Week One: The Amazing Visual Language, Holly Willis

The award-winning program Processing:
  • was made by C.E.B. Reas and and Ben Fry in 2001
  • emerged from a desire to have a tool that would help designers understand programming
  • uses a simplified language syntax and intuitive interface that lets designers start experimenting immediately
  • is particularly apt for applications that help visualizing information, and creating ways of making connections among data sets
  • captures the “beauty of numbers,” “computational design” and “performative software”
  • helps designers build a sense of code literacy, which in turn will contribute to design as a computational process that unfolds spatially and temporally
  • California-based company Motion Theory was among the first design firms to use Processing in their work and has used it in projects for Nike and HP etc

The Amazing Visual Language

Week Two: Why Designers Need to Learn Programming, David Young

The relationships between programming and graphic design are explored:
  • programming is easy to learn, and based on a few basic principles and rules, much like graphic design
  • an open mind and lots of practice are the best ways to get a hang of programming
  • both programming and design involve creative problem solving-they just got about it in different ways
  • there are never single correct solutions in each field, but rather successful ones that express ideas effectively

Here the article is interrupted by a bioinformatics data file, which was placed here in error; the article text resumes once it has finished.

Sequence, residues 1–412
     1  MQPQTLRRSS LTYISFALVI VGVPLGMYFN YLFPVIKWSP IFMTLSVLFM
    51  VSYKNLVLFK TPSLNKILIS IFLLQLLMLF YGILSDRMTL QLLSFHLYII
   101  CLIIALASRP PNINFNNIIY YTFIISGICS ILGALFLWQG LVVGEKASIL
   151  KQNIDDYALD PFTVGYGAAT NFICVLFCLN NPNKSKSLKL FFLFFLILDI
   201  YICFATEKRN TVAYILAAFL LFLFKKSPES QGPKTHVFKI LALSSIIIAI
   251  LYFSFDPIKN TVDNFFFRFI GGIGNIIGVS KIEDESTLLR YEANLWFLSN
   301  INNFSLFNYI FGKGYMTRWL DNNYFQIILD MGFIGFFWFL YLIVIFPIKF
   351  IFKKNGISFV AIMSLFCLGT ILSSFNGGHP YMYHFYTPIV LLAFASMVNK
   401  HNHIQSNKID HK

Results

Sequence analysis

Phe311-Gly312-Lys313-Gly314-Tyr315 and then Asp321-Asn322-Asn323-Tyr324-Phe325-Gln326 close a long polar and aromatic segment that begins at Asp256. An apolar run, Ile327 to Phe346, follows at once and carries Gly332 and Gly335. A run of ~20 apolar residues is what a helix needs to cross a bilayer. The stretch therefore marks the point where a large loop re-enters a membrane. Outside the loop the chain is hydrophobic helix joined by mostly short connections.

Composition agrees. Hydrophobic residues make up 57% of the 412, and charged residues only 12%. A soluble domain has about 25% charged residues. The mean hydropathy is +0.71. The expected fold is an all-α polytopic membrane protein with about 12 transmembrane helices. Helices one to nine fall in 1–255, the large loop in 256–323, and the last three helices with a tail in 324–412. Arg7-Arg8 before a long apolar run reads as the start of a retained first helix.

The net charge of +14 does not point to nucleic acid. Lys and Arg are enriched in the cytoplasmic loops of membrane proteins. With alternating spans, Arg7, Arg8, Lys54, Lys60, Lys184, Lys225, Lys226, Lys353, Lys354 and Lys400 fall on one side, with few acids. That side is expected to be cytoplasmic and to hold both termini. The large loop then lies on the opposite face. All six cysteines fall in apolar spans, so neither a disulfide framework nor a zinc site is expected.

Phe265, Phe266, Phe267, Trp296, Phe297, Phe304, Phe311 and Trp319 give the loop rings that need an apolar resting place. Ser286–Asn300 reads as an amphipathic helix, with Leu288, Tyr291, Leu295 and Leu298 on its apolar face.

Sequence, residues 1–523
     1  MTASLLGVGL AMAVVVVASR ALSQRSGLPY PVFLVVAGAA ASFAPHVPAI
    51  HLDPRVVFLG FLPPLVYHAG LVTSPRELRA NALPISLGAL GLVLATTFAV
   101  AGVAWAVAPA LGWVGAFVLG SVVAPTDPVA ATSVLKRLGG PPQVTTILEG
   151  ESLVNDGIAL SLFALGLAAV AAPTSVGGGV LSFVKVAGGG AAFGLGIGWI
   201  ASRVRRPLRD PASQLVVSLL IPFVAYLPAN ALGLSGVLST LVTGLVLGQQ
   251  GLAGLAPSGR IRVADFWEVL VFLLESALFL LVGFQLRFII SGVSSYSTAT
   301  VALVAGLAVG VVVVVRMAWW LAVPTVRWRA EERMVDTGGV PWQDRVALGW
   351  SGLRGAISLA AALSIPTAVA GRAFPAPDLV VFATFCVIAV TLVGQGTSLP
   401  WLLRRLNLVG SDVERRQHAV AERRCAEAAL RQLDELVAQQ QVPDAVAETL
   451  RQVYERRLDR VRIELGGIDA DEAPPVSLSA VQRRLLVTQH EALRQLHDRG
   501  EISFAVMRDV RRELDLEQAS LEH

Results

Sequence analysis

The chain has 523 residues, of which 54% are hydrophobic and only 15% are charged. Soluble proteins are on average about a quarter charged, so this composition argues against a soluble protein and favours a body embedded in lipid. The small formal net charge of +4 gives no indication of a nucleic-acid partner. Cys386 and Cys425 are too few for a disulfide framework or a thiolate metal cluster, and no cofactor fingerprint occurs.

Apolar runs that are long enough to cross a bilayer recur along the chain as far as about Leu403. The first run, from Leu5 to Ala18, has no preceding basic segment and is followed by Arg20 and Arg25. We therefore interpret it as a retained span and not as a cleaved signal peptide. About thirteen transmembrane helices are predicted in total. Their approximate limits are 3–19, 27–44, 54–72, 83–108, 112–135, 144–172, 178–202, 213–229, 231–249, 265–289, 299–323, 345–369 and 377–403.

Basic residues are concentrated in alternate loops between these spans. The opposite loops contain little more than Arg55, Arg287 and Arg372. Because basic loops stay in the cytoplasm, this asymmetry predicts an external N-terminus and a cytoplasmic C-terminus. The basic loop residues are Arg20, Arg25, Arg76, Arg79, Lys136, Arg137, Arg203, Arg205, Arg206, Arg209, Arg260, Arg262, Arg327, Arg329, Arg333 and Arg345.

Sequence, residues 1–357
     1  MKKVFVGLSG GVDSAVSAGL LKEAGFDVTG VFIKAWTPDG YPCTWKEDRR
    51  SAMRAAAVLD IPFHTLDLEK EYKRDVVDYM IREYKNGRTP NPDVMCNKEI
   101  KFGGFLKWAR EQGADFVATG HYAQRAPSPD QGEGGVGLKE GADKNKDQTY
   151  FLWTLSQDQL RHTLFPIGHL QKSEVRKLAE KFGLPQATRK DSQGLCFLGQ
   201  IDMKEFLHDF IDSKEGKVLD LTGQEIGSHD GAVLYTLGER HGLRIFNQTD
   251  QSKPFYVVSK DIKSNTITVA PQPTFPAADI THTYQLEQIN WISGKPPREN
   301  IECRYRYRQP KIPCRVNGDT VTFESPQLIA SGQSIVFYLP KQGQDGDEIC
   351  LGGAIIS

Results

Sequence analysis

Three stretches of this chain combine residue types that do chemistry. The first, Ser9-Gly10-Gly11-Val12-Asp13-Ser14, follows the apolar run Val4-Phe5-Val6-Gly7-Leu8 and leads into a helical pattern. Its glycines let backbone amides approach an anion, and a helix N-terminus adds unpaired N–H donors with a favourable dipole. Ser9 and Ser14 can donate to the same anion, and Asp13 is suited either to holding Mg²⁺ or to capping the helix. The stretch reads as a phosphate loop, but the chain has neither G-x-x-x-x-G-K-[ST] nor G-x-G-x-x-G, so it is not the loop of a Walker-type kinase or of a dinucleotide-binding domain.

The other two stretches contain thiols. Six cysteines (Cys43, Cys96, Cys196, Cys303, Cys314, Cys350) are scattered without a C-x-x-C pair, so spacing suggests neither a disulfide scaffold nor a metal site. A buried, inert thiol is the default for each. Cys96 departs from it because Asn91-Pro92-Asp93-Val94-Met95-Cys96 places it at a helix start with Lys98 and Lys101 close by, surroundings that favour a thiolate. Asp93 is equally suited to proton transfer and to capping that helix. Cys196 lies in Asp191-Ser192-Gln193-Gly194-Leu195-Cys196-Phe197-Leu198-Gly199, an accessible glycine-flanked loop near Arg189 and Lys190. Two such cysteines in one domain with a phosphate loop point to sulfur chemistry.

• content is medium-specific, and must be developed and assessed based on the medium
  • programming is very efficient-it allows you to make big changes with much less effort, allowing more time for creative exploration
  • design is evolving by the minute, it is open to change in multiple ways
  • programming develops communication skills as teamwork is extremely important
  • it's fun!
  • learning the basics will allow us to keep up with the ever changing profession that is design

Why Designers Need to Learn Programming

Week Three: Becoming A Digital Designer, Interview with Hugh Dubberly

  • the digital realm has surpassed traditional print production and design
  • design of printed communications has moved from mass production to mass personalization
  • we used to think in terms of grid systems' now we have to think in terms of creating and managing information assets—in terms of databases and content management systems
  • computers and networks have enabled us to look more closely at how we interact with information and at the role of time in presenting information
  • design has moved from a focus on form and meaning to a focus on action and interaction
  • the biggest challenges for designers will be identity, privacy, and community
  • the main thing for designers is to be curious—and to learn how to learn

Becoming A Digital Designer